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17 Jul, 2023
1 min time to read

Microsoft and Sony have reached an agreement to keep the popular Call of Duty franchise on PlayStation consoles, ending a months-long feud over Microsoft's proposed acquisition of Activision Blizzard.

The announcement was made by Phil Spencer, CEO of Microsoft Gaming, who tweeted about the agreement on Sunday morning.

The deal comes after Microsoft successfully defeated the US Federal Trade Commission's attempt to halt its $68.7 billion purchase of Activision Blizzard. The Ninth Circuit Court of Appeals denied the emergency stay requested by the regulator, allowing the deal to proceed in the US.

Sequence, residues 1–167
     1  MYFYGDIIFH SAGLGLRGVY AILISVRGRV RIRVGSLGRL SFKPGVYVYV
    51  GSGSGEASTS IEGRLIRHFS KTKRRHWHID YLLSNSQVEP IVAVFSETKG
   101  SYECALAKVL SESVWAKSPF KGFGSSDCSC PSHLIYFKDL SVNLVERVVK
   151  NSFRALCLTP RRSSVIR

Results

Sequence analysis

The United Kingdom's Markets and Competition Authority (CMA) remains the last regulator opposing the acquisition, but both Microsoft and the watchdog have agreed to pause their legal battle and negotiate a compromise.

Phil Spencer emphasized Microsoft's commitment to addressing the concerns of regulators, platform and game developers, and consumers throughout the acquisition process. He expressed the company's dedication to ensuring that Call of Duty remains available on multiple platforms, reaching more consumers than ever before.

The specific terms of the deal between Microsoft and Sony were not disclosed by Spencer. However, it was later confirmed by Stephen Totilo of Axios that the agreement spans a duration of 10 years. Microsoft initially offered Sony a 10-year deal at the end of last year to keep Call of Duty on PlayStation consoles, but the offer was declined at the time.